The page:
Life

Is Religion Being Swallowed by Spirituality?

Disclaimer: I want to lay out my definitions of “spirituality” and “religion” as I see it before this article is read, to give better context

Spirituality – Encompasses practices and lifestyle habits unique to each individual that promote the well-being of our physical, emotional, and mental states
Religion – Structured set of practices and lifestyle habits passed down through generations that includes the belief in a higher power

Being born and raised in the multicultural city of Toronto, Canada has exposed to me to the multitude of religions that co-exist in this society. This was enhanced with the Sunday classes I took from Grades 1 through 12, which focused on learning about each of these religions and embracing the universal messages that each religion teaches. I had the foundation laid down for me to explore and discover my own beliefs and perspective on my relationship with God.

Although my family is Hindu, throughout the latter years of high school and throughout University, I began to distance myself gradually from the traditional Hindu practices, including regularly going to the temple for prayers. I began to identify myself as a more spiritual person, rather than a religious person.  I focused on removing my identification of God/Higher Power with any particular form and dedicating my prayers to the universe in general in English, the language I can understand and speak the most fluently. My focus is on my physical, emotional, and mental well-being, whether that is achieved through meditating, writing, and whatever other practice allows me to feel more in tune with myself.  This is constantly changing as I grow and experience life.

The reason that fuelled this disassociation from religion was that I was not able to connect and find meaning in the more specific practices that my parents’ generation performed for their entire lives. I wonder if other people feel the same way, especially in Sri Lanka, where religious practices have a greater presence in their day-to-day lives. That is not to say that I have settled on being only more “spiritual” and no longer more “religious”, as I believe it comes down to how aware and knowledgeable you are behind the motive and intention of specific religious practices.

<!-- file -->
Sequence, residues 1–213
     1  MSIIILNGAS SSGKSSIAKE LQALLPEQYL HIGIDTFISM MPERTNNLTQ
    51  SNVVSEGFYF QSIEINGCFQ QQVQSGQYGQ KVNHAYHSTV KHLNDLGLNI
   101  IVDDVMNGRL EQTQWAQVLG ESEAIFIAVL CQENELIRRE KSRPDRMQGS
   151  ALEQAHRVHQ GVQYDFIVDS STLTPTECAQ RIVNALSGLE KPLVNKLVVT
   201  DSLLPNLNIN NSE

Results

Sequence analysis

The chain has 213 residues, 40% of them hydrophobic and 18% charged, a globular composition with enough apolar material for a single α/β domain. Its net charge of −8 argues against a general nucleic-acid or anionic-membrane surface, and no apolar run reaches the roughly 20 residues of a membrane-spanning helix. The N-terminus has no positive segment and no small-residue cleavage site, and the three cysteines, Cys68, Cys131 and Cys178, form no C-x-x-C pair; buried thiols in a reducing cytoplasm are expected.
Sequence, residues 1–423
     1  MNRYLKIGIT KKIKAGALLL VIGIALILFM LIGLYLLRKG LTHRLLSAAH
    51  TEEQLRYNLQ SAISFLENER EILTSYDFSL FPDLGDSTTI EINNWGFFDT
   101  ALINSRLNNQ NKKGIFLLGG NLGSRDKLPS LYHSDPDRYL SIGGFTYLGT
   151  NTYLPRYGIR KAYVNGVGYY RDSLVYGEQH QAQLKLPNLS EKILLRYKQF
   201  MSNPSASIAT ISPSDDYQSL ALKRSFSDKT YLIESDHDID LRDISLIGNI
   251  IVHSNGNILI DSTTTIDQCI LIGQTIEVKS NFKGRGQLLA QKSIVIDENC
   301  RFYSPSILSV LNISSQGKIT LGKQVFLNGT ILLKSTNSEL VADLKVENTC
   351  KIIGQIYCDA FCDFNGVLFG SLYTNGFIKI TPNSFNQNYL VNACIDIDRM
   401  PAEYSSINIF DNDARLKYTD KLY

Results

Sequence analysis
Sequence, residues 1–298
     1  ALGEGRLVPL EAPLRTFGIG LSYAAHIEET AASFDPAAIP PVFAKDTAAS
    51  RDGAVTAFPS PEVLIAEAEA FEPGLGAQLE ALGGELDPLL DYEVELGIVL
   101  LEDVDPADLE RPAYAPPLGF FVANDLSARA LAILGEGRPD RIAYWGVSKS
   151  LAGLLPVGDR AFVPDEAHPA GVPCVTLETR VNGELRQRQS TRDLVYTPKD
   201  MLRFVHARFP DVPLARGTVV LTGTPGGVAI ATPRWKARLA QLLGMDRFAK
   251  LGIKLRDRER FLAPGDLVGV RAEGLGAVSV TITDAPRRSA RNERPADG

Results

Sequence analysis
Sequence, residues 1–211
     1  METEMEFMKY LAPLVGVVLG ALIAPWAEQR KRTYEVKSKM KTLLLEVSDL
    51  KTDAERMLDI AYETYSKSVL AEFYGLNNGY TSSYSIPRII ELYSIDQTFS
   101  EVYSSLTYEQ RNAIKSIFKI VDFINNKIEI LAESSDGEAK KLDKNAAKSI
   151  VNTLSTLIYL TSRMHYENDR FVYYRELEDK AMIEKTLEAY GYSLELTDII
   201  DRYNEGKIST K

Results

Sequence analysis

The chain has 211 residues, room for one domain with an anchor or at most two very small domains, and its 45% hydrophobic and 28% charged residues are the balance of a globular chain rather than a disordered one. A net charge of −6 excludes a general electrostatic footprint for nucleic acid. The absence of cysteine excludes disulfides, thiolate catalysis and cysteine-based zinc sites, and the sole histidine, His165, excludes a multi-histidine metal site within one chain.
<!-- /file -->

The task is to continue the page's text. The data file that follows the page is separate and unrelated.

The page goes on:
That last statement came to me when I was with my grandmother during prayers for Navarathri (a 9-night Hindu festival worshipping three Hindu Goddesses of Durga, Lakshmi, and Saraswathi). My thoughts during those prayers came in the form of this short poem I wrote immediately after:

Have we lost religion within the ancestral blood that is fading within our vessels?
These sacred flames burn in cold winter homes, only providing warmth to the eyes, but not to the soul.
I’ve seen ashes become dust, but simply because it lays untouched by the heart as our skin becomes thicker and indifferent.
Mantras land on my ears like a familiar song that’s been played out so much that it’s spit back out of necessity than devotion.
We don’t have time to contemplate on these idols who’ve blessed our ancestors with reassurance, hope, and passion.
Such concepts are now sought from each other through the layman’s language.
Perhaps it has taken these countless centuries to kindle strong independent spirits that burn with no need of a structure.
Or perhaps the truth we all seek for has been lost in the winds that have been broken and split within hungry metropolises.
We pray for an answer to heal our Mother, but refuse to accept the secrets she has offered to help us heal ourselves.

I am still trying to find my place in the pathways of spirituality and religion (perhaps, one cannot exist without the other), as I still have a lot of curiosity towards the origins and practices of my parents’ religion. I feel it is much easier for those raised in a city of many different religions, like myself, to follow a more secular lifestyle that has less ties to any religion. Perhaps if we are all able to tap into the very roots of why religions have become as structured as they are, we would be able to bridge the gap with our understanding of why we do what we do.

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